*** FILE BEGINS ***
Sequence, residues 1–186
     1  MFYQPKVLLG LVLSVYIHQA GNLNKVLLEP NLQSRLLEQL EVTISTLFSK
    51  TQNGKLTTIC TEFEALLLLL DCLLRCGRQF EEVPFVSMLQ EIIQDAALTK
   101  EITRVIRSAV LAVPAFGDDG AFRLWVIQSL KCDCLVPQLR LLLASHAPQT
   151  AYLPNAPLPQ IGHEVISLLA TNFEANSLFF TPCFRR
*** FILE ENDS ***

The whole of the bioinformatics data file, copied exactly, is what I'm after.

Sequence, residues 1–186
     1  MFYQPKVLLG LVLSVYIHQA GNLNKVLLEP NLQSRLLEQL EVTISTLFSK
    51  TQNGKLTTIC TEFEALLLLL DCLLRCGRQF EEVPFVSMLQ EIIQDAALTK
   101  EITRVIRSAV LAVPAFGDDG AFRLWVIQSL KCDCLVPQLR LLLASHAPQT
   151  AYLPNAPLPQ IGHEVISLLA TNFEANSLFF TPCFRR